Democracy’s coming home

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Risky assets slumped heavily yesterday as confusion reigned over the political situation in Greece and the prospects for a referendum over the details of the 2nd bailout package. The FTSE was the best performing equity market in Europe by only falling by 3% with the indices in Greece and Italy plummeting by close to 7%. Where the decision for a referendum has come from is still a mystery but it has ensured that we are in for a sizeable amount of political volatility in the Eurozone until at least January.

The Greek parliament are set to debate Papandreou’s government today, which is believed will lead to a confidence vote by the end of the week, while this evening, Papandreou is scheduled to meet for high-level talks with the German and French leaders, ECB Pres. Draghi and IMF head Lagarde. Even if the confidence vote passes, which is not certain given defections by PASOK MPs, then it is unlikely that the country will go to a referendum The Greek
constitution requires that 60% of MPs vote for a referendum before it goes to the people and I doubt that will ever happen. Even so, it has thrown the cat amongst the pigeons and jeopardises the next payment from the IMF ahead of some hefty bond redemptions in Greece through the early part of December. Euro remained on the rack as you would expect in light of these developments and fell into the 1.36s while GBPEUR narrowly missed out on printing in the 1.17s.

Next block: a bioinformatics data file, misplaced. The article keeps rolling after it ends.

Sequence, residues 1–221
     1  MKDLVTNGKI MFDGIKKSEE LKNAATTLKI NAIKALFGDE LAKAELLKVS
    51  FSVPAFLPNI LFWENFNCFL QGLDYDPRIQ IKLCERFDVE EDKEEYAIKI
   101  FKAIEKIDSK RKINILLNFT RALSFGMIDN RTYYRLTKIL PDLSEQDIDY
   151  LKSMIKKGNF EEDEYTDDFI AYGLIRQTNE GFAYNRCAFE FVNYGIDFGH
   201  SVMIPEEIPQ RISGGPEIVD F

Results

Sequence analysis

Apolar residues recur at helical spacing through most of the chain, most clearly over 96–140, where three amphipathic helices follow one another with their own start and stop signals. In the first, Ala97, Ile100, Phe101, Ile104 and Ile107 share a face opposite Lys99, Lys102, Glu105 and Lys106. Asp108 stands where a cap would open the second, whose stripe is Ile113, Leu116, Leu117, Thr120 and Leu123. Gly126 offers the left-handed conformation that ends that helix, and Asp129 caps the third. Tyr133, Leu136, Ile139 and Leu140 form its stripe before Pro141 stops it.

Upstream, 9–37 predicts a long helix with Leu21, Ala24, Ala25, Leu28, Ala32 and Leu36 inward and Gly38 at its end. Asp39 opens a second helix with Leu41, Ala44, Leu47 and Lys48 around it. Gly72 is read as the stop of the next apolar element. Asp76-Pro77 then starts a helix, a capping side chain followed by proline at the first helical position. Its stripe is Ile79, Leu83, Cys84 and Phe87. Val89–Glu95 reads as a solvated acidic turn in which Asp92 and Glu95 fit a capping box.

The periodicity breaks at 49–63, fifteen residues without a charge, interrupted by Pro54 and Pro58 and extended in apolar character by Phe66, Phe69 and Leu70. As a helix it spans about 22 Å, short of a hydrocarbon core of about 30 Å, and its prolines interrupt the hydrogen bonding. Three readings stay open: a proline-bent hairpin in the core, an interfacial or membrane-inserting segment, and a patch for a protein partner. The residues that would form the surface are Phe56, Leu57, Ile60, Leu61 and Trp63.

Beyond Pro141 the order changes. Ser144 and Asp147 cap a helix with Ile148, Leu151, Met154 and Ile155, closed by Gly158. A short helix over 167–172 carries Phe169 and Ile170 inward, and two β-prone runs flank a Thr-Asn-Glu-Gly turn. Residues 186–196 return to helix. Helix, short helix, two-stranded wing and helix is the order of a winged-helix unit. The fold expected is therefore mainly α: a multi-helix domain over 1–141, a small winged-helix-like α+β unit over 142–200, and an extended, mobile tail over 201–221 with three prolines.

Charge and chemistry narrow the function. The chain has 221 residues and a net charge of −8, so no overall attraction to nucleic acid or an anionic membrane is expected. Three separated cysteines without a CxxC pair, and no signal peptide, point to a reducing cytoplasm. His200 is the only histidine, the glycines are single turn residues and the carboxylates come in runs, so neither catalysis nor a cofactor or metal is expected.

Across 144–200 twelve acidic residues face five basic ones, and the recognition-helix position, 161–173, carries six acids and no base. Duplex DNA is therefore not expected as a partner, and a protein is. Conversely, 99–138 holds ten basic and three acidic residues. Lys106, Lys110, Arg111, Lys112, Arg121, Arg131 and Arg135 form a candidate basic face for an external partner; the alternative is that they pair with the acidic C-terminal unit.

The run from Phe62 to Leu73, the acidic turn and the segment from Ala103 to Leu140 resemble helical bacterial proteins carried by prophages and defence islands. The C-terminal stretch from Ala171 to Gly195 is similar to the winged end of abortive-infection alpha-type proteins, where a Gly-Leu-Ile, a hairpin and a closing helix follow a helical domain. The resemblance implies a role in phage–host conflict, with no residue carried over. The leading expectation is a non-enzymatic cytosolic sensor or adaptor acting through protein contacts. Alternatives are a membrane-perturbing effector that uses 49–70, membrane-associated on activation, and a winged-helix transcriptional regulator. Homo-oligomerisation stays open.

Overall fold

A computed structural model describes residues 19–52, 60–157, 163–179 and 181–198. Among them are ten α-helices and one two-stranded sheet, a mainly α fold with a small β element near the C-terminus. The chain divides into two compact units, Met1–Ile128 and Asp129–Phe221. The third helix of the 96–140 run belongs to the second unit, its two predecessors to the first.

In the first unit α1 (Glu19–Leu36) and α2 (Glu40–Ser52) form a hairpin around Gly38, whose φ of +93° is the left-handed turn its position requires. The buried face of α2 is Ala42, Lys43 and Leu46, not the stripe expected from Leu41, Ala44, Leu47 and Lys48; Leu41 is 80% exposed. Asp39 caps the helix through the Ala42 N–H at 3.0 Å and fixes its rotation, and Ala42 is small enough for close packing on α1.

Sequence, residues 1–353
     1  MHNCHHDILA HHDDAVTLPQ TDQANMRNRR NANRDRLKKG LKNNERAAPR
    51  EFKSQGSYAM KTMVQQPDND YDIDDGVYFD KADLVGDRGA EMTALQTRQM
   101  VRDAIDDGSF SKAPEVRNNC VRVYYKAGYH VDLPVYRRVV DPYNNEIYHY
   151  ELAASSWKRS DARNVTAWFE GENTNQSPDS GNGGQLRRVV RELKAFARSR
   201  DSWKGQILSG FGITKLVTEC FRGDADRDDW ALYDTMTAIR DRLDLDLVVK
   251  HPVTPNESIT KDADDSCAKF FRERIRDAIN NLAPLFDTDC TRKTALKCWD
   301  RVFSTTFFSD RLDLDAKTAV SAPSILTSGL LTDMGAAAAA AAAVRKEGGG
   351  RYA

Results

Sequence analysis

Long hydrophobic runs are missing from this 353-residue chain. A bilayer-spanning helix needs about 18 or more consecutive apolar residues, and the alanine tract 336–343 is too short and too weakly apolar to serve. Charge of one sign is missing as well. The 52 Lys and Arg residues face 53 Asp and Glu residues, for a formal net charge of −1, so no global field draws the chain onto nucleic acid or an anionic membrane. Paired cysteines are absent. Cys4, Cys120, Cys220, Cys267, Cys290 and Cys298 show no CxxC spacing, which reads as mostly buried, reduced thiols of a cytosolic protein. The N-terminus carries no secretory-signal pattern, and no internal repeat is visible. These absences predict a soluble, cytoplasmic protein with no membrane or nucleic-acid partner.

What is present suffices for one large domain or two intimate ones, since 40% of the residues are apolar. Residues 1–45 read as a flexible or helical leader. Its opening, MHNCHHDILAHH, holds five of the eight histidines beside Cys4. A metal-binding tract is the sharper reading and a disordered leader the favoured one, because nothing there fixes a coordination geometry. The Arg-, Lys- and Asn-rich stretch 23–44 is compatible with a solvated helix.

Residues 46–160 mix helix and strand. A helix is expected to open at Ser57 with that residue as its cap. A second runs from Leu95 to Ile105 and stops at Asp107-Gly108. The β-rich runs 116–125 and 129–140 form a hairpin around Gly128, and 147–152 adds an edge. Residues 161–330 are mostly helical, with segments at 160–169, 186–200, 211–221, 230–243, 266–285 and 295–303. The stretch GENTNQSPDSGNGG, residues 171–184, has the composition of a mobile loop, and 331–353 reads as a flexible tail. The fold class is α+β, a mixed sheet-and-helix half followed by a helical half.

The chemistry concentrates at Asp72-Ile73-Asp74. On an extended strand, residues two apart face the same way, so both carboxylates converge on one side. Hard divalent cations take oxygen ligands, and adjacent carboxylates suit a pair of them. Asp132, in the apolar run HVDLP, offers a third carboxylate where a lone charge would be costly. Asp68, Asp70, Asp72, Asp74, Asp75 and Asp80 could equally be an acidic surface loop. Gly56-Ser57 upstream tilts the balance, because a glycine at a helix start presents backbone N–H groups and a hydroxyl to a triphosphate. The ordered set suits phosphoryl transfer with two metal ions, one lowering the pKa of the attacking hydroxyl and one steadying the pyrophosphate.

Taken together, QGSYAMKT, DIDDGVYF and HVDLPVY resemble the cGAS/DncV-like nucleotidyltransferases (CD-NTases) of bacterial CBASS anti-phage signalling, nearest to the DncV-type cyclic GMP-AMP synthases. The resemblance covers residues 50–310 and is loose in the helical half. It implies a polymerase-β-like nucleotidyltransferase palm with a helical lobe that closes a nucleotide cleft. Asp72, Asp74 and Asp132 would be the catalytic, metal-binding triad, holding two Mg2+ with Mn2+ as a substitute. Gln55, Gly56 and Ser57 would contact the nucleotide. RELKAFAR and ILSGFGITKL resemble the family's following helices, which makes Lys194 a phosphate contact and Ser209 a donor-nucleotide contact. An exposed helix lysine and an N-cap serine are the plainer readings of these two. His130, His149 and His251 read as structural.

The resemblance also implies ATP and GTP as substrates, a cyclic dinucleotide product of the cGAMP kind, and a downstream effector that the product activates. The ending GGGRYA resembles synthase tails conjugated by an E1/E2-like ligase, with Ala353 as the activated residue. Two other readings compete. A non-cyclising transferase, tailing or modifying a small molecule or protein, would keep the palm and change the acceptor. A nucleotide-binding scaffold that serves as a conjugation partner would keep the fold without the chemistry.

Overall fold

Sterling was helped somewhat by a GDP figure that surprised to the upside. While 0.5% can still be viewed as sluggish growth it will be heartening to see a move away from the fears of stagnation. Retail spending bounced back in September as a result of back-to-school shopping but unfortunately we doubt that we will see the Q4 number match the services growth of 0.7%. There is also no evidence it seems that the August rioting had any impact on the figures, unlike the lack of productivity seen in Q2 as a result of the Royal Wedding and the supply chain shock of the Japanese tsunami.

One figure that shouldn’t get lost in the GDP congratulations is the news that the PMI for the UK manufacturing sector fell back below the 50.0 level denoting expansion; falls in manufacturing production plus the impact of the European debt crisis are already showing that Q4 is likely to be worse than Q3 and our forecast for UK Q4 GDP is a slip back to 0.1%. US manufacturing was also worse than expected although some components led the market back towards
optimism. New orders in the United States remained above 50.0 while the employment component remained resilient. Equities rallied from the lows in the US after the figure and the dollar lost some of its haven lustre as well.

Ahead of the G20 and the meetings between Merkel, Sarkozy and Papandreou we have details of the European manufacturing sector’s performance in October and the Fed meeting which is due at 16.30. The market is expecting
that the Fed will revise its growth projections lower in light of recent sluggishness and fears over the European debt situation. We also expect them to reaffirm “Operation Twist”; their most recent plan to get consumers and businesses spending.

Indicative Rates Sell Buy
GBPEUR 1.1608 1.1636
GBPUSD 1.6000 1.6022
EURUSD 1.3765 1.3788
GBPJPY 124.92 125.20
GBPAUD 1.5365 1.5392
GBPNZD 2.0075 2.0105
GBPCAD 1.6223 1.6254
NZDUSD 0.7962 0.7982
GBPZAR 12.78 12.83
USDZAR 7.9884 8.0230
GBPPLN 5.1081 5.1385
EURJPY 107.48 107.76

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